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Curr Sports Med Rep. 2017 Jul/Aug;16(4):247-255. doi: 10.1249/JSR.0000000000000387.

Nutritional Supplements for the Treatment and Prevention of Sports-Related Concussion-Evidence Still Lacking.

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1
1Division of Sports Medicine, Department of Family, Community & Preventative Medicine, Drexel University, College of Medicine, Philadelphia, PA 19127; 2Connecticut Children's Medical Center, Elite Sports Medicine, Farmington, CT; and 3UBMD Department of Orthopaedics and Sports Medicine, SUNY Buffalo Buffalo, NY.

Abstract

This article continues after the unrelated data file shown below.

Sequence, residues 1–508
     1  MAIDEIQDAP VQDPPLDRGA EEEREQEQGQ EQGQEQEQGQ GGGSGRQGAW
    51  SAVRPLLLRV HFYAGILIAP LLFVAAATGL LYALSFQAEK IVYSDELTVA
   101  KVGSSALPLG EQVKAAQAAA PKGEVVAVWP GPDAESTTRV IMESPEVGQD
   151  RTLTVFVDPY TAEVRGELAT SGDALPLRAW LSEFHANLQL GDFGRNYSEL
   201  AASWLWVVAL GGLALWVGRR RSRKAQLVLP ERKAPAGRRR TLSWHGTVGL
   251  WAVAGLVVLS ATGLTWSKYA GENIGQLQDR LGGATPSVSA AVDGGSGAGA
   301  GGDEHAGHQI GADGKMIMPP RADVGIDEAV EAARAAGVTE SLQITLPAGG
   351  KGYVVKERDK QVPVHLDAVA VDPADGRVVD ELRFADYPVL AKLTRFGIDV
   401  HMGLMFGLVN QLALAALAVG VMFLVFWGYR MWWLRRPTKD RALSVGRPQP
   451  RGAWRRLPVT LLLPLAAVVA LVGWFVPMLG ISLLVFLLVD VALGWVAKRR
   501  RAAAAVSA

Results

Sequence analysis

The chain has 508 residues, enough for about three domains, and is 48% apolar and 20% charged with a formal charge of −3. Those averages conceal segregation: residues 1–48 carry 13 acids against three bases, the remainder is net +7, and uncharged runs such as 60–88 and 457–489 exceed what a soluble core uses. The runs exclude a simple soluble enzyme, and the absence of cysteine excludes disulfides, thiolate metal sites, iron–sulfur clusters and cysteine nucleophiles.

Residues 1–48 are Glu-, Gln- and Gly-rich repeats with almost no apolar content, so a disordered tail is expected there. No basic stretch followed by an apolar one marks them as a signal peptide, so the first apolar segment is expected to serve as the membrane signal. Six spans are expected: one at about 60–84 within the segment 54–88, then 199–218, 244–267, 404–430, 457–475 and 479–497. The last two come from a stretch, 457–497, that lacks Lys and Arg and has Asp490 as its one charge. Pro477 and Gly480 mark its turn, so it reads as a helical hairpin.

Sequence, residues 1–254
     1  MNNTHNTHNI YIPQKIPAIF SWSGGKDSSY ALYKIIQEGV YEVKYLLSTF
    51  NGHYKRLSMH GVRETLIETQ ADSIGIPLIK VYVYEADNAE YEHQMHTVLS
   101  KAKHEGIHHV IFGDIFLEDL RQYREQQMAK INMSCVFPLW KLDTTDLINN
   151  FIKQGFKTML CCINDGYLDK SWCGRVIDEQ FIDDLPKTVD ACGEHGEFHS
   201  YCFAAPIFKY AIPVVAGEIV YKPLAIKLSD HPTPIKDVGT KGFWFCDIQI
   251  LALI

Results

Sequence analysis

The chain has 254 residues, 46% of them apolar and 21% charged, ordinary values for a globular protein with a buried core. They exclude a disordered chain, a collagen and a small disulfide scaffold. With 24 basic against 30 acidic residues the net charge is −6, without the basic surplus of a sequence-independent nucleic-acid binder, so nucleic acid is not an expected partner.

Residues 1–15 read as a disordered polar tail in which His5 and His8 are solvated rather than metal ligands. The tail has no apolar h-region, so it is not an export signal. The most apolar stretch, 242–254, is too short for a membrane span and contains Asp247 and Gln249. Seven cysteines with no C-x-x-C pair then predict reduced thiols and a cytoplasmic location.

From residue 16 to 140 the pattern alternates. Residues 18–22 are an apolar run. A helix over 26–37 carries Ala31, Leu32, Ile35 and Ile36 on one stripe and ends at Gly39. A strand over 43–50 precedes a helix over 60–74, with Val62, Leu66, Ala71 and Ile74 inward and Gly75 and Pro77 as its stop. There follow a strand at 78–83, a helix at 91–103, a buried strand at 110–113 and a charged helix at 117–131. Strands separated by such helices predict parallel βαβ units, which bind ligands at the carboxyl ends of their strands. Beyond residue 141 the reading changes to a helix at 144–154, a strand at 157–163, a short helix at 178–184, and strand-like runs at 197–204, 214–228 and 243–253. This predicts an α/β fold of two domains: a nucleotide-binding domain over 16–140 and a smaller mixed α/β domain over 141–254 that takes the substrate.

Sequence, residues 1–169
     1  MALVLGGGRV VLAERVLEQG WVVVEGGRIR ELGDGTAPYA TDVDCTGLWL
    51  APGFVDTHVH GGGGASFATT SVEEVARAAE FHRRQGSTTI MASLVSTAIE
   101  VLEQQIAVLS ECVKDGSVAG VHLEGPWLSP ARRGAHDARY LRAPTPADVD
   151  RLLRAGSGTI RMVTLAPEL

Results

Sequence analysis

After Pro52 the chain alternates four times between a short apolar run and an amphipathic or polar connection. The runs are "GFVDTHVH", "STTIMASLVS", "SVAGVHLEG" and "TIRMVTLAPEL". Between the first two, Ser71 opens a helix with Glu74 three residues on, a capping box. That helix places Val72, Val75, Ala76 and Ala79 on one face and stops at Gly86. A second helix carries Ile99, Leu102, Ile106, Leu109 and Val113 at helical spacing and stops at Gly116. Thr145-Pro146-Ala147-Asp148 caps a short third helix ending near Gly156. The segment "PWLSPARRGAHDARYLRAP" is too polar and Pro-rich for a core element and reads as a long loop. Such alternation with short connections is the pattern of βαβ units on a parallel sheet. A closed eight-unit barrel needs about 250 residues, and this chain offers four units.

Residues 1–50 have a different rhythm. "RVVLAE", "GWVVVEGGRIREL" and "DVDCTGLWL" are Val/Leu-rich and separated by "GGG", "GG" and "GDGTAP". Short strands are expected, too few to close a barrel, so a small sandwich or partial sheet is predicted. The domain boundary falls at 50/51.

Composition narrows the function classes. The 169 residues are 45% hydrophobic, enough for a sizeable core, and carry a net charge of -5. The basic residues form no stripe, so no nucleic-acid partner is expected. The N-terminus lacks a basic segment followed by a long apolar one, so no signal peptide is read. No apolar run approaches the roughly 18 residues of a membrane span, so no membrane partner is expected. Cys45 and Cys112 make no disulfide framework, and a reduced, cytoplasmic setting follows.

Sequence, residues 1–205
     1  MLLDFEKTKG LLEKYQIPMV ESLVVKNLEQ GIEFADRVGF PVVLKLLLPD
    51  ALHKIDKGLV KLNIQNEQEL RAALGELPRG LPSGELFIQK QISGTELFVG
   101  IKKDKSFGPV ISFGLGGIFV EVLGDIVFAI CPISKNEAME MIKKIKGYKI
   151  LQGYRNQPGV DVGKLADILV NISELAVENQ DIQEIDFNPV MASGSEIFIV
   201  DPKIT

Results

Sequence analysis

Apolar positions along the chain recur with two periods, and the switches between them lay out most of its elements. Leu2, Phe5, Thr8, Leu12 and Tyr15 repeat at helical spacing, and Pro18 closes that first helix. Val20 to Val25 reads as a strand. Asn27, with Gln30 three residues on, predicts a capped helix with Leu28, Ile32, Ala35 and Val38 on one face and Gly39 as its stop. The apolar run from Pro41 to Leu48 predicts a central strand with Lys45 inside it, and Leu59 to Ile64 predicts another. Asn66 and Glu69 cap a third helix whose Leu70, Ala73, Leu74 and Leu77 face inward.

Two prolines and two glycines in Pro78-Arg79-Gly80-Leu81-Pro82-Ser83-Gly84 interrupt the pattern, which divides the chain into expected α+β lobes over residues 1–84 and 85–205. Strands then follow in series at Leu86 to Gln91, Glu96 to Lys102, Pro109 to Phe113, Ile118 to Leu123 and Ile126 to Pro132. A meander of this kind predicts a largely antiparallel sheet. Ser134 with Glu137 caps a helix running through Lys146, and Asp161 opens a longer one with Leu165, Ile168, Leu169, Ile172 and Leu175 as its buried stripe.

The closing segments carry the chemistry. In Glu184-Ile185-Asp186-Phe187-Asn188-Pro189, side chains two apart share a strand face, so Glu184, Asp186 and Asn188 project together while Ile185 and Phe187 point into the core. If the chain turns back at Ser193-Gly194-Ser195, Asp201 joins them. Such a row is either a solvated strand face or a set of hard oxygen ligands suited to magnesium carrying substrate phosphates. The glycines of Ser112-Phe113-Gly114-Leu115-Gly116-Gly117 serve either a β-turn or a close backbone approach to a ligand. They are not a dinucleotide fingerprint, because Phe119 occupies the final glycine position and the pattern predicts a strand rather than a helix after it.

Concussions are common neurologic events that affect many athletes. Very little has been studied on the treatment of concussions with supplements and medications. The U.S. Food and Drug Administration (FDA) reminds us that no supplement has been proven to treat concussions. Many animal studies show that supplements have potential for improving the effects of a brain injury but none have been shown to be of consistent benefit in human studies. Animal studies on severe traumatic brain injury (TBI) may not therefore be applicable transfer to sports-related concussions (SRC).Of the many supplements reviewed in this article, omega-3 fatty acids (Ω-3 FA) have potential for SRC treatment but in the one human trial those taking higher dosages preinjury had more concussions. In animal studies, postinjury administration was as effective as pretreatment. N-acetyl-cysteine has demonstrated a positive short-term effect on blast injuries in soldiers if administered within 24 h, but there are no studies in SRC. Caffeine, conversely, may be detrimental if taken after SRC. Lower serum levels of vitamins D, C, or E preinjury have worse outcomes in animal studies. Preinjury correction of deficiencies may be of benefit. Current human trials for nicotinamide ribose, melatonin, and branched chain amino acids (BCAA) may soon provide more evidence for the use of these supplements to reduce the impact of SRC in athletes.

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